First things first: Kris Letang might get suspended for Game 4 (if not for more than one game) thanks to this controversial check on Marcus Johansson.

    Beyond that, there could be some bumps and bruises from this contest.

    Bryan Rust left during the first period and didn’t return to the game after blocking a shot. Brian Dumoulin seemed shaken up after an Alex Ovechkin hit in the third period. The Capitals might have a player or two to look at, as well.

    In other words, the Penguins could really lack for quality defensemen with Letang possibly suspended and possible injury absences for Dumoulin and Olli Maatta.

    This series is living up to the hype … and really building up the hate.

    Yes, NHL is reportedly looking at Letang’s hit on Johansson

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    It remains to be seen if Kris Letang will get suspended for his hit on Marcus Johansson … and if he does, for how long.

    (You can read initial reactions and some analysis about the specifics of the check vs. the one that got Brooks Orpik suspended here.)

    There are a few things we do know already.

    For one thing, the NHL’s Department of Player Safety is reportedly looking into it.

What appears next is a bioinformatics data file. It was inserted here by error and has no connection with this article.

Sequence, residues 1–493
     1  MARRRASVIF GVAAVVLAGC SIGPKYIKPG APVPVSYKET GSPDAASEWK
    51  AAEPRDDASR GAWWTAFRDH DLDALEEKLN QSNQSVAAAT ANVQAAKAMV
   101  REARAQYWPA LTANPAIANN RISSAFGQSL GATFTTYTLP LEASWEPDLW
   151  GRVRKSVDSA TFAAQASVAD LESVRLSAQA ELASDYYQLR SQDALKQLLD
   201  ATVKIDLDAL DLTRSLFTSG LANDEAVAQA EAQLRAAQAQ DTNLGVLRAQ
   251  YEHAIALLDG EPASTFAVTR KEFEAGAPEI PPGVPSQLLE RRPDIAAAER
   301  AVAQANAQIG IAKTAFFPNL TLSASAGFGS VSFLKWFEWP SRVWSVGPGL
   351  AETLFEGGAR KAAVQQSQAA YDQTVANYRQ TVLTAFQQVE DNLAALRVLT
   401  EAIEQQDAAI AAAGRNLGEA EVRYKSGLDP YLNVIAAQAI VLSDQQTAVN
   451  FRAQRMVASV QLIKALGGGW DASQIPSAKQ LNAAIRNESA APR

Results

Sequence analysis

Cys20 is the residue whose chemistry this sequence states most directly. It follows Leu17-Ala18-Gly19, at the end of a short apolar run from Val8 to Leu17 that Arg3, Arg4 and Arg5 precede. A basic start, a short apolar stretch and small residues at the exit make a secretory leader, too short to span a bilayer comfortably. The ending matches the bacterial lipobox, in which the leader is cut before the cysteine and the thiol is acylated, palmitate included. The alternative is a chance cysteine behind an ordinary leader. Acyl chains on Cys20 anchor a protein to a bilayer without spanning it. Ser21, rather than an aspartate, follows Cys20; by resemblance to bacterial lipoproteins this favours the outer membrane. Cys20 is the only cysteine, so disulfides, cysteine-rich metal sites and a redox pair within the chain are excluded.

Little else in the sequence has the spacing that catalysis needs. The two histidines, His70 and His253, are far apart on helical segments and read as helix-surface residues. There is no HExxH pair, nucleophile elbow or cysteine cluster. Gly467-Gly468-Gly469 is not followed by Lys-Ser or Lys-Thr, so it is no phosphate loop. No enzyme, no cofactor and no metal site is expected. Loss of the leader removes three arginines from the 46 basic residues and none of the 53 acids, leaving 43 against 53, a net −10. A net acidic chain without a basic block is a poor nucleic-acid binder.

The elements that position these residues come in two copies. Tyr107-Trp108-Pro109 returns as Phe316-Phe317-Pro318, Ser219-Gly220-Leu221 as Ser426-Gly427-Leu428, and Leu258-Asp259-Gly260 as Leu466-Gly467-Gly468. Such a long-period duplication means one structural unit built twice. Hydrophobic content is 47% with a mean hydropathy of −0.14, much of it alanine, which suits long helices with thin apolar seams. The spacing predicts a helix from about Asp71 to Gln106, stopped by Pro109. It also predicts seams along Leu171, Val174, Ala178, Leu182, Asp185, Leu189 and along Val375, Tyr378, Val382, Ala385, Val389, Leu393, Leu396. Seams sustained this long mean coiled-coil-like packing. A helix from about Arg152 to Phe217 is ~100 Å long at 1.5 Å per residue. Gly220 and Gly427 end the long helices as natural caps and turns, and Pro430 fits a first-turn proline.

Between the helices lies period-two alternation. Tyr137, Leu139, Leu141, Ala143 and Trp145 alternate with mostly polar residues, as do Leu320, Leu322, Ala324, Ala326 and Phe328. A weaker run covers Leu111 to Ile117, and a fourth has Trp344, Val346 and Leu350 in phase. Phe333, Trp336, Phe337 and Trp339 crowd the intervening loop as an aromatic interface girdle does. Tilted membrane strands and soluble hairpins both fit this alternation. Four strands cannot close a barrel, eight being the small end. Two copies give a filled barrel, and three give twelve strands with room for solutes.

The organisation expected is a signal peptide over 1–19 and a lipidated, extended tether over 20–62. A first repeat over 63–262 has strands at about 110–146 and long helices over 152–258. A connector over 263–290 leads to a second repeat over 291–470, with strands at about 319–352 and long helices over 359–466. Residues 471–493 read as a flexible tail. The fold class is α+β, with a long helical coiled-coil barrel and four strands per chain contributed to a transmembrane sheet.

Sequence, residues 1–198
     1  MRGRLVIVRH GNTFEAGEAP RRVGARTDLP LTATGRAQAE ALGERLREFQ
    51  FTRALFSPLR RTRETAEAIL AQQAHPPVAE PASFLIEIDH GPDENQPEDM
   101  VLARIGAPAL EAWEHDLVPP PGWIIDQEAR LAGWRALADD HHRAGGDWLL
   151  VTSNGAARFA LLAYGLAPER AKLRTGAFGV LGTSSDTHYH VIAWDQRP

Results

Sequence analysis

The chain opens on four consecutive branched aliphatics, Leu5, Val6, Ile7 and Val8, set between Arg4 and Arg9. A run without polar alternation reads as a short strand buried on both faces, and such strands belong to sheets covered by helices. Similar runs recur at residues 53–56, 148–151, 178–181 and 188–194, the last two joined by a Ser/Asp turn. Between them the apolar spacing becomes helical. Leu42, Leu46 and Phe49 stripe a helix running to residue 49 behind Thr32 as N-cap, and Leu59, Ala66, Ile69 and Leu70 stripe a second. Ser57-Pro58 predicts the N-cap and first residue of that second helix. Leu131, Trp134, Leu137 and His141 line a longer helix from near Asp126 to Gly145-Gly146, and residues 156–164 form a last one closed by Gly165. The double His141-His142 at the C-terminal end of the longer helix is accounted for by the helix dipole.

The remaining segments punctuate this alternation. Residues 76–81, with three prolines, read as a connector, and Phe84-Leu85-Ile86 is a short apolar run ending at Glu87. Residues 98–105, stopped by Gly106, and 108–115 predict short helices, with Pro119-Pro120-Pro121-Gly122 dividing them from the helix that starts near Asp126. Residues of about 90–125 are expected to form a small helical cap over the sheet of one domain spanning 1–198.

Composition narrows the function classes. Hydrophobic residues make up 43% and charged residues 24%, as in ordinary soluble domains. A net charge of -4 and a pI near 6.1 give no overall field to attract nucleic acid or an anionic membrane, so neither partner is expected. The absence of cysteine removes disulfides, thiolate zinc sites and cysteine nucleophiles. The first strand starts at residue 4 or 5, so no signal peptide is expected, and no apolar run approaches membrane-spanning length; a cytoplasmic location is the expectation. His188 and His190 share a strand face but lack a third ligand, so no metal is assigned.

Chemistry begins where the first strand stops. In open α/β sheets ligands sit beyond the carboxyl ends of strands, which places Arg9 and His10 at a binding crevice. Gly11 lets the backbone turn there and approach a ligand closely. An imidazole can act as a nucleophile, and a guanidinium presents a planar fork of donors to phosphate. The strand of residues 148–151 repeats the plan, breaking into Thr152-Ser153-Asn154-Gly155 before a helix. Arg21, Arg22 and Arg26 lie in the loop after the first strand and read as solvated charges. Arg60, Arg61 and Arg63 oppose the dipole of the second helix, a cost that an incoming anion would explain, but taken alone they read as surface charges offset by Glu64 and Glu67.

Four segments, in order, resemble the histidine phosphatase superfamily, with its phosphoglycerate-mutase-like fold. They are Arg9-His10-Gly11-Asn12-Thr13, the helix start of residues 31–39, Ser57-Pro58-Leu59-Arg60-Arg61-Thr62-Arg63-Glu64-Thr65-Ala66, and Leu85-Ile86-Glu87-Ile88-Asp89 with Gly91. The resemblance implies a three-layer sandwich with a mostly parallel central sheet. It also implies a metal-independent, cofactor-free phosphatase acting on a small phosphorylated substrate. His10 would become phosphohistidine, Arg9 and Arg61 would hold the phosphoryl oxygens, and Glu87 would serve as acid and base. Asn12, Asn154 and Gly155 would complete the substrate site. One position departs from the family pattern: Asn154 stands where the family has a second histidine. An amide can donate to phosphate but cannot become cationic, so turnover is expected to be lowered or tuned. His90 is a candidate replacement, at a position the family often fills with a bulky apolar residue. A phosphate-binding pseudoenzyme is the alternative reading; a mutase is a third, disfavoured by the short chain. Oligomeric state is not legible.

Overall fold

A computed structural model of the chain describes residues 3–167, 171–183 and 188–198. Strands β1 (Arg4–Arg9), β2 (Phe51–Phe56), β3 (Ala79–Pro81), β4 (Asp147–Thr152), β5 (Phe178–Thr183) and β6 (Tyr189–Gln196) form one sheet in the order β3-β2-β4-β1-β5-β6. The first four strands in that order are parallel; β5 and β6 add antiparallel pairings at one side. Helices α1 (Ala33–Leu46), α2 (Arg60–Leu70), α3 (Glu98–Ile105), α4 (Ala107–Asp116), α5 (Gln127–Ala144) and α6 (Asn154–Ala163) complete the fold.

Another factor that could help Letang avoid a suspension or limit the duration of supplemental discipline: Marcus Johansson returned during the second period.

    In fact, Johansson delivered some hits on Letang.

    There have been some nasty moments in Game 3, and more might be coming. The Penguins lead 2-0 with a few minutes remaining in the middle frame.

    Kris Letang may face suspension for hit on Marcus Johansson

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    Update: Reports indicate that the NHL’s Department of Player Safety is indeed looking into the hit.

    ***

    As thrilling as this Pittsburgh Penguins – Washington Capitals series has been, it seems like every game presents another controversial hit.

    Game 3’s most noteworthy entry (so far?) came when Kris Letang was whistled for interference on Marcus Johansson.

    Penguins fans griped that Brooks Orpik didn’t get a major penalty for his hit on Olli Maatta … now Capitals fans likely feel the same about the check Letang delivered.

    Watch it in the video above. Also, Stefanie “My Regular Face” has it in GIF form:

    Things could get ugly in Game 3:

    One factor in a suspension happening – or at least the duration of the suspension – would be what the point of contact was:

    Also, lateness of the check:

    The Penguins ended the first period up 2-0 against the Capitals, even though Washington played one of its best 20 minutes of the series. Expect more drama.

    Update: The Penguins won the game 3-2.

    Read reactions to the check here.